Reuters -- A natural dam holding back the water of Cameroon's Lake Nyos, where hundreds were killed in a 1986 poison gas disaster, is not solid and could collapse in a decade, putting thousands at risk, United Nations experts said.
After a three-day inspection, Olaf Van Duin and Nisa Nurmohamed of the Netherlands Ministry of Transport and Public Works reported weaknesses in the volcanic rock barrier at the lip of the lake in northwest Cameroon.
They confirmed surveyors' warnings that erosion has been rapidly undermining the dam at Lake Nyos, where a cloud of carbon dioxide that had built up in the water escaped in August 1986, killing 1,800 people in surrounding villages.
"We've seen that the dam structure is not safe ... actually we expect it to breach within 10 to 20 years," Van Duin told Reuters in Yaounde late on Tuesday.
Geologists say that if the dam were to break, it could send a wall of water downhill through Cameroon and into neighbouring Nigeria, submerging an estimated 10,000 people as well as animals and crops.
It might also release another cloud of poison gas, which is stored in the lake's deeper layers.
Van Duin and Nurmohamed said fractures, cracks and holes were visible in the dam structure. Repeated landslides had torn away rock and soil from its outer side and soil had also been eroded from the lake side of the dam, causing cave-ins.
"We are concerned that in time it is going to collapse," Nurmohamed said.
The U.N. experts' visit followed debate among scientists in Cameroon about the timeframe for an eventual collapse of the dam. While some say it could happen at any moment, especially if a volcanic tremor occurs, others argue it will take longer.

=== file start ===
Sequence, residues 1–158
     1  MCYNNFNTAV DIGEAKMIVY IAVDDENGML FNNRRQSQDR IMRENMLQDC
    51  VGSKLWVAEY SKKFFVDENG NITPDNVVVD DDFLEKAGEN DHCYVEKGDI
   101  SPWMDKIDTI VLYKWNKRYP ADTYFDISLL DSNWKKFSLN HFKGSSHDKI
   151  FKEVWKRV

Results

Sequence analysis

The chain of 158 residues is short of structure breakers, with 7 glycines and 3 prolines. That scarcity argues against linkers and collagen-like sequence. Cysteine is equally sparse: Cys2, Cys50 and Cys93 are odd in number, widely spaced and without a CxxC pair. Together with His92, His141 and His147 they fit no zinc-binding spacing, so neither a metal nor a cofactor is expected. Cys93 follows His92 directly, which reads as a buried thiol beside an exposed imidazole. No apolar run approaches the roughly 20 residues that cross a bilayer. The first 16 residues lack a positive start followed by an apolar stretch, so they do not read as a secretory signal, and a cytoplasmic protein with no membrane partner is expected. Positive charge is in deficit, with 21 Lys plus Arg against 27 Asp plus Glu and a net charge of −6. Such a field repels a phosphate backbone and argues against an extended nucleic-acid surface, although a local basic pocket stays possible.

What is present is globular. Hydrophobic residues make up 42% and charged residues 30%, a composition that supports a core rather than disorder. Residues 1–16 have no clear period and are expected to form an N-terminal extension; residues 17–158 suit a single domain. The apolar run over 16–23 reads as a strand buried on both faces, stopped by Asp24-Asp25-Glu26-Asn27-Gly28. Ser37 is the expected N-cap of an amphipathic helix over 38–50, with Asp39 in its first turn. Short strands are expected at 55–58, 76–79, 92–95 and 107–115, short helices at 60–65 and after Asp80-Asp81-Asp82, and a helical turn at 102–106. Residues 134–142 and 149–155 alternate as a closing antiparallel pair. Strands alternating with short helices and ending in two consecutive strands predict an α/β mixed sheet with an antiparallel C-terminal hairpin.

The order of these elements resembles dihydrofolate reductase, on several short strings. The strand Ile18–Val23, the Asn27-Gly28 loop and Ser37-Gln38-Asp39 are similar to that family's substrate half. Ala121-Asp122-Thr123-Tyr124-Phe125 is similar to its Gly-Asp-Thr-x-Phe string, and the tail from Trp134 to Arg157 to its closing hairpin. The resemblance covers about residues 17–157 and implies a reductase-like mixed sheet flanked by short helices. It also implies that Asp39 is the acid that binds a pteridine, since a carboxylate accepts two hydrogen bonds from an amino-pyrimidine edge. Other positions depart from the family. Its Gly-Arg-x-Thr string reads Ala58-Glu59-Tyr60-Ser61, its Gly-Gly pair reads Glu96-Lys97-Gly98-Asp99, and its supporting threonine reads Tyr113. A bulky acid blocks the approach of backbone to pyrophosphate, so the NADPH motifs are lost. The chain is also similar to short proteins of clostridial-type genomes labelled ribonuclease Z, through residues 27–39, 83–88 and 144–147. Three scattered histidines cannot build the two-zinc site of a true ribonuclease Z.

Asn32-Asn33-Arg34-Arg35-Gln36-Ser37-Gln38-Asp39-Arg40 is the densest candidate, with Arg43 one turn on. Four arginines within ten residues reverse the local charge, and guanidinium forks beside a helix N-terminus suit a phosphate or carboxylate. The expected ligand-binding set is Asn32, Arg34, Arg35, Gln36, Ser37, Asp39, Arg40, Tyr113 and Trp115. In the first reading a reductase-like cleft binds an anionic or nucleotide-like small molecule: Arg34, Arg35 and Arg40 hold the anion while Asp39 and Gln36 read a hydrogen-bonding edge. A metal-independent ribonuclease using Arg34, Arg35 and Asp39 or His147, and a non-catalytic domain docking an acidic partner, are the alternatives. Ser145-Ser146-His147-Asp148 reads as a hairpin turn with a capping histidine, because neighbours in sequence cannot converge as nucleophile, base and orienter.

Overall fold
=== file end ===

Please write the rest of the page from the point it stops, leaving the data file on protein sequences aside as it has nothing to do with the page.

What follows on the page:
Van Duin and Nurmohamed, who will report their findings to the Cameroon government and the U.N. Development Programme, recommended that the easiest and cheapest way to make the dam safer would be to reduce water pressure by lowering the water level by about 20 meters.
This could be done by installing giant pipes to pump water out of the lake.
Building a new artificial dam to strengthen the natural barrier could take a long time and be costly, the experts said.
Efforts have been made to drain carbon dioxide from the lake but scientists say more work needs to be done to reinforce the dam and accelerate the degassing. Cameroon officials say a lack of money has delayed progress.
Scientists say Lake Nyos is one of only three lakes in the world known to be saturated with carbon dioxide -- along with Lake Monoun, also in Cameroon, and Lake Kivu on Rwanda's border with Democratic Republic of Congo.
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